I wasn’t surprised to read tweets and facebook posts about burrowing deeper into bed on account of the morning rains, because our city lifestyle is influenced by the movies, novels and internet posts – where most of the content is created and published by people who live in harsh climates that cannot grow crops left, right, centre, and all food comes from supermarkets.
Because we ‘live’ in a culture that is based in other countries that don’t have the climate, soils, seeds, and traditional agricultural knowledge that exists in tropical Africa, we tend to think like people who do. That’s why, for instance, I can spend one thousand shillings on one avocado fruit every day for years and years, even though one avocado seedling will cost me two thousand shillings and within one and a half years will serve up thousands of fruits. That same avocado, if converted into ebigenderako at a joint selling roast meat, will fetch a value of Ushs4,000!
See, over the weekend I had paid my parents a visit and returned with a sack of avocados collected quite casually within minutes from one of the trees in their garden (the real one – olusuku), and as usual I calculated very carefully how much money I had saved on my market shopping for the next couple of weeks, with adjustments to my diet plan.
My own avocado tree, where I live, is going to be serving up large numbers of the fruits again in a short while and I am adopting a new policy for the benefit of my children, based on what I told Collin last year: for every fruit we consume from that one tree in my front garden I will put aside one thousand shillings in cash.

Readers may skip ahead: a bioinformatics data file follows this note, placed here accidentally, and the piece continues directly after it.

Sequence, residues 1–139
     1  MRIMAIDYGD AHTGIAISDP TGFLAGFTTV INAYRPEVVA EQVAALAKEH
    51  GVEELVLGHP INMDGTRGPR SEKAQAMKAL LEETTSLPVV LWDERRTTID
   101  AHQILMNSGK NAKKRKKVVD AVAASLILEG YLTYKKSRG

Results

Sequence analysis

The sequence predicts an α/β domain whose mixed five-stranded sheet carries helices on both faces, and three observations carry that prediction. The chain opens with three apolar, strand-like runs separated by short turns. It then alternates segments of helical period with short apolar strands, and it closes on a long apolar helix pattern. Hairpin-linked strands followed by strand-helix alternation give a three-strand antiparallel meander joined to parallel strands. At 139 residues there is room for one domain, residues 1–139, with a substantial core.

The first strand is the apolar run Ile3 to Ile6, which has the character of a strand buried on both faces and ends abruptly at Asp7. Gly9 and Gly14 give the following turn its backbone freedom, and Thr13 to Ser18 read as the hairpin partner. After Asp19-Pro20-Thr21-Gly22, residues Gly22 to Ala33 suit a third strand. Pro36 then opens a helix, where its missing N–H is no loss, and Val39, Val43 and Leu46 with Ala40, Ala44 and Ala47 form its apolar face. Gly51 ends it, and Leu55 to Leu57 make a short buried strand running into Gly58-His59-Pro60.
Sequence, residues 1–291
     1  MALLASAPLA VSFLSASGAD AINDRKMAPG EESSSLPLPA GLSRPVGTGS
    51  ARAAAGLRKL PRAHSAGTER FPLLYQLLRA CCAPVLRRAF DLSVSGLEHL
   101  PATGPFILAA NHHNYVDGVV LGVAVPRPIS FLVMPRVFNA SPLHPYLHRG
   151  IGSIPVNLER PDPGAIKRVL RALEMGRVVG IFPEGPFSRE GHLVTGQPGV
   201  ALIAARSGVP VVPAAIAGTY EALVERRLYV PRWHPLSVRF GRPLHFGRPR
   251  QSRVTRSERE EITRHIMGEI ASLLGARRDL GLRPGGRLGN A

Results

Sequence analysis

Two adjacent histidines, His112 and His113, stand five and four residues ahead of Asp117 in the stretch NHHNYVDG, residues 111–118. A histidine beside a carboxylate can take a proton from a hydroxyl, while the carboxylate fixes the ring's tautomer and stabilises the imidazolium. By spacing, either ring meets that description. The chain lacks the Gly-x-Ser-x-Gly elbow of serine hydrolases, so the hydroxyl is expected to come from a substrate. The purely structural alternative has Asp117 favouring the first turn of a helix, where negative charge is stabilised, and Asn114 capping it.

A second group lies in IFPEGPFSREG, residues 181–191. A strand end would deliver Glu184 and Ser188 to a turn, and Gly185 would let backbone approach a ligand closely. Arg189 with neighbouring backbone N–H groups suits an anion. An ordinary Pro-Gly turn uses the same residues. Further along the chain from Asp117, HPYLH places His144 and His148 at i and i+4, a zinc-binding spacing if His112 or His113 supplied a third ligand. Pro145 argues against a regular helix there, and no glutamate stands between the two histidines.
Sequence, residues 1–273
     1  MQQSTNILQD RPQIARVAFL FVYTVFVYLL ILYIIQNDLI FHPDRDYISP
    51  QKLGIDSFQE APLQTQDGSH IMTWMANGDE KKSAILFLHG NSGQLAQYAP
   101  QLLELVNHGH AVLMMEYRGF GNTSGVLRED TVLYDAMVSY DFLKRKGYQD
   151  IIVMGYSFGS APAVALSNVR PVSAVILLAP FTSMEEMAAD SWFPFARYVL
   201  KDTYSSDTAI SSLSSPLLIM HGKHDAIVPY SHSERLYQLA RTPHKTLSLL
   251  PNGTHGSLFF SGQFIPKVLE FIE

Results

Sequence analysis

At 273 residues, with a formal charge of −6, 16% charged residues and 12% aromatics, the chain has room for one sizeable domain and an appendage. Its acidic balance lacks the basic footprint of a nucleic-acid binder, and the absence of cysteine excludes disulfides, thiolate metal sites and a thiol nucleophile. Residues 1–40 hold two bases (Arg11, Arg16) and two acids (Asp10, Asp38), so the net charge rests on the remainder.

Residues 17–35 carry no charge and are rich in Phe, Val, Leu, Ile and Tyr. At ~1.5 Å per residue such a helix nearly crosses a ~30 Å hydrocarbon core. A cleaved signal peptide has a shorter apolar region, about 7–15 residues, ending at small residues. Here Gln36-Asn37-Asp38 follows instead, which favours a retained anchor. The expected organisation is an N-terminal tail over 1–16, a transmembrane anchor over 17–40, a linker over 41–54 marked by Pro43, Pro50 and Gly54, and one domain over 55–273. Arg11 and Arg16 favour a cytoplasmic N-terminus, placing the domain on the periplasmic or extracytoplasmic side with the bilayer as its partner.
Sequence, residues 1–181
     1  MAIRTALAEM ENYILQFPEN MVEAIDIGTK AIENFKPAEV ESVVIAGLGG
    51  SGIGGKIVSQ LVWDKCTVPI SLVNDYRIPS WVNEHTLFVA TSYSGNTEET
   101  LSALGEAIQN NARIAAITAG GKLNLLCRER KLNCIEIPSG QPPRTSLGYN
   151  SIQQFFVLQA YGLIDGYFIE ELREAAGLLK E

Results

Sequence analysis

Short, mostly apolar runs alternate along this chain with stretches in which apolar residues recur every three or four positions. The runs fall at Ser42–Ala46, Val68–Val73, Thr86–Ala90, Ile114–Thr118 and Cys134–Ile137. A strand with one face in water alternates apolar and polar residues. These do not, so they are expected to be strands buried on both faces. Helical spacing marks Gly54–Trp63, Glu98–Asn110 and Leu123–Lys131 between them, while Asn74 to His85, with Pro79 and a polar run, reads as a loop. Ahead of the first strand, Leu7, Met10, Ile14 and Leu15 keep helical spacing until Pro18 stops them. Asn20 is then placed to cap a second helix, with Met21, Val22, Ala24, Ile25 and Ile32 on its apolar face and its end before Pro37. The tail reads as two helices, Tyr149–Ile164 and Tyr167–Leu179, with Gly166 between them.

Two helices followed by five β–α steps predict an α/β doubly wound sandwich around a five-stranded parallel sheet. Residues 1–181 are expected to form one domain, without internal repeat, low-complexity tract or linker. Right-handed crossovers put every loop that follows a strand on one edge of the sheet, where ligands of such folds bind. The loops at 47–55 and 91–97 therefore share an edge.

All the money I collect in this way will be spent buying avocado tree seedlings for planting on a farm patch – and the possession of that land, of course, is a pre-requisite for this approach to work, though even that land could be acquired quite easily by many of these city people using their spare change or if they buy fewer buffet meals and less whisky.
So it was that on Monday, before some people had ordered for their office snacks using online and mobile apps, I had used the very same technology to place orders for a range of tree seedlings to add to my last planting – and I will do that every chance I get, till I have

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Ordered from @GreeningUganda

these fruits and vegetables pouring out in piles.

And let’s not worry that if you all join in and we all have piles and piles of fruits and vegetables that nobody will buy them – at the very least, all those people out there in that wide world who are snuggling in their beds in the bad weather will buy up our produce.  On another level, other people will start up business ventures to transport, refrigerate, package, process, brand and export our stuff.
Just make sure that when it rains in the mornings you aren’t the one holding the blanket tighter to your chin – lazima you should get up and call the guys at the farm to find out if it’s raining there and they are at work in the fields.